Guest post by Melanie Chartoff
For all who are publishing, traditionally or not, read this account of one author who audio-recorded her own book, Melanie Chartoff, author of Odd Woman Out: Exposure in Essays and Stories:
It's great to touch and educate people. For those who are considering narrating their own work, here's my experience trying to get my creation inside the minds and viscera of readers:
As an actor and voice actor, I recently published and narrated my first book, after doing so for other authors and producers in the past. I seemed best suited to the task, since my memoir is personal and comedic, featuring many characters from my personal history. My book was 73,513 words long, minus the table of contents, "Previously Published" page, and dedication. It took 20 hours and cost me $2000 for eight hours and twelve minutes of finished work. The engineer/editor split the fees of $100/hour with the owner/director/composer (who wrote a recurring theme ditty for the book). I was free. You can sample the audio here.
In its first six months, despite being well reviewed, the audio book did not make much money, but listeners write that they have enjoyed its company on car rides or exercise excursions and at bedtime, so I've had other gratifications.
When I've worked for others, it's usually a 4-hour session of constant speaking at a consistent level of energy throughout. I stop and do pickups frequently for words I've slurred or sections that weren't intelligible or expressive enough because I spoke too fast. There are generally 9200 words in a finished hour. I'm paid $300 per recorded hour (post edits), in order for the audio to be cost efficient for the producer or author.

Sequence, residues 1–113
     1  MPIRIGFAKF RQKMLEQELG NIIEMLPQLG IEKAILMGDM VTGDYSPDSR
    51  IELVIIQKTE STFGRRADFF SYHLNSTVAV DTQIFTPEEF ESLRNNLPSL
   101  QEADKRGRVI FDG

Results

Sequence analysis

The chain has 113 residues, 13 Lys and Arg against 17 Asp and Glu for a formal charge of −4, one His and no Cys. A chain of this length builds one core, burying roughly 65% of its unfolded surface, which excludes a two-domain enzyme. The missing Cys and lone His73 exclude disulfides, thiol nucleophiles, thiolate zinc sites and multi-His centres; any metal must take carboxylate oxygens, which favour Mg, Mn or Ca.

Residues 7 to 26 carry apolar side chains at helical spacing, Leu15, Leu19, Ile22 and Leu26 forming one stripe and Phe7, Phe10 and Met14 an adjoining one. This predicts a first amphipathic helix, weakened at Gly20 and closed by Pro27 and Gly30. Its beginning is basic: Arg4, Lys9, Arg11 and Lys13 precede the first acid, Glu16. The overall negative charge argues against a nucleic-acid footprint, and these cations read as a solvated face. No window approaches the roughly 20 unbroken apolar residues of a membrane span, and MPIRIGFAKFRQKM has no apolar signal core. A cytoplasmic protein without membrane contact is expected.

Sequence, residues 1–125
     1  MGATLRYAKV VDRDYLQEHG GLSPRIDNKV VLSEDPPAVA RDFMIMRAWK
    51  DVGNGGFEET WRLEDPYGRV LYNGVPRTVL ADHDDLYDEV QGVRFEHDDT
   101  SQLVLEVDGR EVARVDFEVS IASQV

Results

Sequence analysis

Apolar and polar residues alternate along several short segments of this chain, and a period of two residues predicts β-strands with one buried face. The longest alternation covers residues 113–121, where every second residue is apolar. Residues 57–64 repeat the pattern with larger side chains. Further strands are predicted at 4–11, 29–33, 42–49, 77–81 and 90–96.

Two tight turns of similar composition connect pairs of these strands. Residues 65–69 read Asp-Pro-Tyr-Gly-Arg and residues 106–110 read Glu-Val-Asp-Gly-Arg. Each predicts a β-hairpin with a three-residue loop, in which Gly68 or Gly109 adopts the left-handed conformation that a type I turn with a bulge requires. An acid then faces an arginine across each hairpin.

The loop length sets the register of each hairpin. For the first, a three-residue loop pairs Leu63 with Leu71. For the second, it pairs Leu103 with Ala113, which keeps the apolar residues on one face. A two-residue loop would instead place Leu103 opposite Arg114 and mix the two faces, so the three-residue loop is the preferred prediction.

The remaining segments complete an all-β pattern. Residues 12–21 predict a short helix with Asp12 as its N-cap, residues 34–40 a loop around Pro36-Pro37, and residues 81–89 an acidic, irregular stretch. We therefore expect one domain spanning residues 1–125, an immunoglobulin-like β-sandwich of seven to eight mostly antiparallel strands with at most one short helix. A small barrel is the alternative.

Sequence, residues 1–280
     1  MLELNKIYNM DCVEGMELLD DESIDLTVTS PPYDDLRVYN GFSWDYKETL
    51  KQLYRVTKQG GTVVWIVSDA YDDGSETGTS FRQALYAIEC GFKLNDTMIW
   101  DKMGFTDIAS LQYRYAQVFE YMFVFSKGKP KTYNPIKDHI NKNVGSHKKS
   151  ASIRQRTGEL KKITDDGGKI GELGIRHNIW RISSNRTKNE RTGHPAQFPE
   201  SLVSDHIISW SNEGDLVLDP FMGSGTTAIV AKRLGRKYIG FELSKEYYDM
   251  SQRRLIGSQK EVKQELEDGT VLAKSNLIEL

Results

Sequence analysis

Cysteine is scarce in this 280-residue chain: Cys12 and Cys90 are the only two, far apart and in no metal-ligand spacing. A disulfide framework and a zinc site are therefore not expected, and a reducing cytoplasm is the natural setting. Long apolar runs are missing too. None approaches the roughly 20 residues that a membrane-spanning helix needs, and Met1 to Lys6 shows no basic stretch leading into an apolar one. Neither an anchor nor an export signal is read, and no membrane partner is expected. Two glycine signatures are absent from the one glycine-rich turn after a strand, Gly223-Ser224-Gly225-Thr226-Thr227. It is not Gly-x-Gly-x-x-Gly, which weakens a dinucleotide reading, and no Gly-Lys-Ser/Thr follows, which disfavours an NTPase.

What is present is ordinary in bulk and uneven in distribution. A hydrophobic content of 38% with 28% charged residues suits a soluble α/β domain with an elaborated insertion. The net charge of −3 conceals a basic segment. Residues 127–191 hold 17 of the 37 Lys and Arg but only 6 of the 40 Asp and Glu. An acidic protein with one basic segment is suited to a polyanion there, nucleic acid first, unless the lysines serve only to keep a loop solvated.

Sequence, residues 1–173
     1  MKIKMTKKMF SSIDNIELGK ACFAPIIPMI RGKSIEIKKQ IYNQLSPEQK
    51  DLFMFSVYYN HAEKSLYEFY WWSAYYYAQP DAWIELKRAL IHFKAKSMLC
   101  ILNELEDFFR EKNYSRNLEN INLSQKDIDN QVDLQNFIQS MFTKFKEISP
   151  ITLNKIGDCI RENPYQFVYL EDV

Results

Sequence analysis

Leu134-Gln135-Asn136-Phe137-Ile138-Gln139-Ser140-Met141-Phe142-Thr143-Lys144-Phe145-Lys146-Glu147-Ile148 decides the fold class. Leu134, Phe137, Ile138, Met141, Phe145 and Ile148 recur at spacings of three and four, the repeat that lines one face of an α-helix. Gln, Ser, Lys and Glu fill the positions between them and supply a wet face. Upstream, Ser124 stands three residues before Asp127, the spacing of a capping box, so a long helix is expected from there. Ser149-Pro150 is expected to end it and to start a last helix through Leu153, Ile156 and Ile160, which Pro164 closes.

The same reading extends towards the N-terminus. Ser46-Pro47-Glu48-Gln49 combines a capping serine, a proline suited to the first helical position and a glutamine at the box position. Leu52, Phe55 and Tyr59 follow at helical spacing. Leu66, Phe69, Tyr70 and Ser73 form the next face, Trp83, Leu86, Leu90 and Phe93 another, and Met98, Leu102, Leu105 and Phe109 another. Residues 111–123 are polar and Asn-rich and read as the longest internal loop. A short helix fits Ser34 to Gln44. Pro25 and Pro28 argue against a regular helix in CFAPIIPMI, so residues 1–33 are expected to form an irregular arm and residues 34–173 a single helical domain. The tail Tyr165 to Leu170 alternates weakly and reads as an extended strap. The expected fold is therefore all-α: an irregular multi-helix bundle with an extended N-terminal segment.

It's hard work. It was hard work for my own book, too, which I produced out of pocket. I was highly motivated to enact scenes from my own experience at peak energy, but I'd get exhausted in those 4 hours. If I recorded in my home studio, I could have taken far longer, worked fewer hours and spent many hours in the tedium of listening to my own voice and editing. But I wanted an objective ear, and getting spontaneous reactions from the the booth made the read far more pleasurable.
Before you embark on recording your own book, I'll share my experience coaching authors and later listening to their books. They start out great, but unless they have vocal training or are accustomed to speaking for many hours with full conviction, they can run out of steam and get monotonous. They stop imagining the listener struggling to grasp the gist. Endurance and focus are mandatory, and if your book is dramatic, giving different characters distinct nuances that repeat throughout the story is a challenge. (Record samples so you can refer back.)
It's less about having a good voice and more about maintaining peak interest and energy for many hours and days, discovering the text as if for the first time, so the reader will, too.
You can listen to samples from professional narrators on many sites, and perhaps find a voice as suitable as your own, of any gender, for your work. And you may favor your own performance, but practice for awhile first. You might first volunteer and read textbooks for the Braille Institute in your region, or at hospitals where folks need a good story or educational text. Record yourself and see if you are galvanized when you listen to the playback.
Whatever your decision, I wish you a great audio version of your work!